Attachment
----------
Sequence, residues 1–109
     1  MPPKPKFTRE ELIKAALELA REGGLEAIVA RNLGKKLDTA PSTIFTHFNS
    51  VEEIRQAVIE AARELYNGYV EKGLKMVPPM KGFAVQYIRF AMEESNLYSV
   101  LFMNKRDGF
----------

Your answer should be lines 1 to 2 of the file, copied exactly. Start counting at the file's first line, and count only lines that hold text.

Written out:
Sequence, residues 1–109
     1  MPPKPKFTRE ELIKAALELA REGGLEAIVA RNLGKKLDTA PSTIFTHFNS